914 F.2d 997
31 Fed. R. Evid. Serv. 335
UNITED STATES of America, Plaintiff-Appellee,
Daniel WARE, Defendant-Appellant.
United States Court of Appeals,
Argued April 19, 1989.
Decided Oct. 1, 1990.
Jacqueline O. Stern, David J. Stetler, Asst. U.S. Attys., Office of the U.S. Atty., Criminal Receiving, Appellate Div., Chicago, Ill., for plaintiff-appellee.
John A. Meyer, Chicago, Ill., for defendant-appellant.
Before CUMMINGS, POSNER, and KANNE, Circuit Judges.
KANNE, Circuit Judge.
This case concerns the authority of an Illinois police officer to seize a weapon from a get-away vehicle followed into Indiana from the scene of an Illinois robbery. Also at issue is the extent to which an expert witness may use personal research to testify regarding the interstate transportation of weapons.
At approximately 1:30 a.m., on October 19, 1986, a white male using a sawed-off shotgun attempted to rob the Pour House Tavern in Calumet City, Illinois. During the robbery attempt the owner of the establishment called the Calumet City Police. Shortly thereafter, the Calumet City Police Department issued a general radio dispatch that an attempted robbery had just occurred at the Pour House Tavern and that the suspect had fled.
Calumet City Police Officer Bertha Shannon was on patrol in the area and upon hearing the radio dispatch, she immediately headed toward the crime scene. As she continued driving, a second radio dispatch described the robbery suspect. At about this time, a small white car that Officer Shannon had observed earlier pulled away from the curb in front of her and traveled east toward the Indiana state line. A third radio transmission aired and the dispatcher described the robbery suspect's vehicle as a small white car. Officer Shannon followed the white automobile for a distance of about five blocks from Calumet City, Illinois, across the state line into Hammond, Indiana, and into the parking lot of St. Margaret's Hospital.1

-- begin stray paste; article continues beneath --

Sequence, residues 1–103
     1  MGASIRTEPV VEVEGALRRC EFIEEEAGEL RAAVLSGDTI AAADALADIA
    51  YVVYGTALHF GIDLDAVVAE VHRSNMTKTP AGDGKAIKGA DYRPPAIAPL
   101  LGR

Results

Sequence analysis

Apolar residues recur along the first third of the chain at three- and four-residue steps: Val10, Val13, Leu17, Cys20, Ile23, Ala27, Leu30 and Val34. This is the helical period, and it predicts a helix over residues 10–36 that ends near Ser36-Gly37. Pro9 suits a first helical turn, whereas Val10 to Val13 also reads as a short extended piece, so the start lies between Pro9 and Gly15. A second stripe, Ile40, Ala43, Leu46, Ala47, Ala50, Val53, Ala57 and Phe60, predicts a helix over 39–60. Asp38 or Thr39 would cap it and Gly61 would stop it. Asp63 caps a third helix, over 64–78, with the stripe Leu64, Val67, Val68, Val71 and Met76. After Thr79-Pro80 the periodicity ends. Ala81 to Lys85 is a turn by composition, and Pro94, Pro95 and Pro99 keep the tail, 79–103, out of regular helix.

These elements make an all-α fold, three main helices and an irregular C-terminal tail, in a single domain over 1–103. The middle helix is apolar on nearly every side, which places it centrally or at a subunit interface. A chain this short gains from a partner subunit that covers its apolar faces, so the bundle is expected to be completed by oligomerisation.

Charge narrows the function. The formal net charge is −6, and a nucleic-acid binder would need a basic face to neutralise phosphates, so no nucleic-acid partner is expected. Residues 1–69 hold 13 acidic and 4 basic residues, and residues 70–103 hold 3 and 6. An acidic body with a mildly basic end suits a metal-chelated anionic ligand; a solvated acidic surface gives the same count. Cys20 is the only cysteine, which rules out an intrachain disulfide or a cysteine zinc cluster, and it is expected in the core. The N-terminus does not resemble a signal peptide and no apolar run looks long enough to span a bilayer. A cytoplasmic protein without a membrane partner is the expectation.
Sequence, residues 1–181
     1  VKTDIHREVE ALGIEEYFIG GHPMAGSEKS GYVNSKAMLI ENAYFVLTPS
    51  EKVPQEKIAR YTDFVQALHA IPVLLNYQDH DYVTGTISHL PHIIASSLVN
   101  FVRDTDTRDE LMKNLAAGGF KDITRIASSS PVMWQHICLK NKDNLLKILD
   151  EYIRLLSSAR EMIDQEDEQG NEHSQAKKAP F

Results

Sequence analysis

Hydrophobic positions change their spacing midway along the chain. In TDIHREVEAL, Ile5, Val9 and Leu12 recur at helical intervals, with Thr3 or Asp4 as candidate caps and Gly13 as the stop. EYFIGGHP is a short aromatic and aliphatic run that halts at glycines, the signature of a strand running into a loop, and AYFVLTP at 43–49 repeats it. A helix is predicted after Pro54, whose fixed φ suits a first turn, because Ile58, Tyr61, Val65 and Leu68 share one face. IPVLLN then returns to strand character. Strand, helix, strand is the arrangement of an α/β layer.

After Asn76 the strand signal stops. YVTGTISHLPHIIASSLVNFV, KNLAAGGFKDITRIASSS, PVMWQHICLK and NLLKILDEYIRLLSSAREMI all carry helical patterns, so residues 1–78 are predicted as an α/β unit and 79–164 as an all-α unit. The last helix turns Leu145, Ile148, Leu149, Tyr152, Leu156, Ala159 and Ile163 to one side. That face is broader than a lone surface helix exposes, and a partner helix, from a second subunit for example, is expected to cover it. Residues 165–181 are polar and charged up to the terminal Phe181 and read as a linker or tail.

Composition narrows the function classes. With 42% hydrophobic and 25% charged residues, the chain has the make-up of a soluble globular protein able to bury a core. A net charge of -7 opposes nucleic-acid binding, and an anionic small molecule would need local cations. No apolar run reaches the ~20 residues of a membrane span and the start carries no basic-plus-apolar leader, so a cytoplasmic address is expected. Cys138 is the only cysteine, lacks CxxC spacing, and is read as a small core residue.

Officer Shannon called in the license plate number of the white car and was informed that it was registered to Daniel Ware and Betty Scott. Officer Shannon requested assistance and parked about 25 feet away from the vehicle she had under surveillance. Two male occupants got out of the white automobile. Ware exited the passenger side and another man got out of the driver's side. They walked to the front door of St. Margaret's Hospital and attempted to enter. The doors were locked and they walked to the hospital courtyard area leading to the other side of the building. Officer Shannon lost sight of Ware and the other man. At about the same time, Officer James Rupcich, also of the Calumet City Police Department, arrived in another squad car. He had heard the radio transmissions and proceeded to the hospital location to assist Officer Shannon. Officer Shannon spoke with Officer Rupcich and then drove to the other side of the hospital building. Shortly thereafter, Officer Rupcich heard another radio dispatch which indicated that two suspects had been taken into custody on the opposite side of the hospital. At that point, Officer Rupcich walked to the white automobile, looked through the passenger window and saw the butt of a shotgun protruding from under the passenger seat. The officer retrieved the weapon from the automobile and noticed a shotgun shell also on the passenger side of the car. He unloaded the gun, which had one shell in it, and turned over the shotgun and two shells to an evidence technician from the Hammond, Indiana Police Department. Daniel Ware was subsequently identified by three witnesses as the man who attempted the armed robbery.
Ware was charged with being a convicted felon in possession of a firearm in violation of 18 U.S.C.App. II Sec. 1202(a)(1), and with possession of an unregistered firearm in violation of 26 U.S.C. Sec. 5861(d). Following a jury trial guilty verdicts were returned on both counts. Ware was sentenced to fifteen years imprisonment on count one, and ten years imprisonment on count two. The sentence in count two runs concurrently with the sentence imposed in count one. Ware appeals his convictions arguing that the court erred in admitting the shotgun and shells into evidence and that the testimony of an expert witness was improper. We find no error and affirm.
A. Admission of Evidence Seized from Automobile
Prior to trial Ware filed a motion to suppress regarding the shotgun and shells seized by Officer Rupcich from the get-away vehicle. Ware argued that an Illinois law enforcement officer had no legal authority to act as a law enforcement officer in the state of Indiana. Following a hearing the district judge denied the motion to suppress, holding that the Calumet City police officers had been in hot pursuit of Ware's vehicle and therefore were justified in acting outside their jurisdiction. Further, the judge found that the examination of the car and seizure of the shotgun and shells were justified to ensure the immediate safety of the investigating officers and others in the area.